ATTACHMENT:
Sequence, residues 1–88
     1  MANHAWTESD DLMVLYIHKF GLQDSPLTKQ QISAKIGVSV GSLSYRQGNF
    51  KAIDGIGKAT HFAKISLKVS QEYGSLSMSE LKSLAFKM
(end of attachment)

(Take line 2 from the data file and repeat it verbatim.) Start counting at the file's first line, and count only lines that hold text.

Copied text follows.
     1  MANHAWTESD DLMVLYIHKF GLQDSPLTKQ QISAKIGVSV GSLSYRQGNF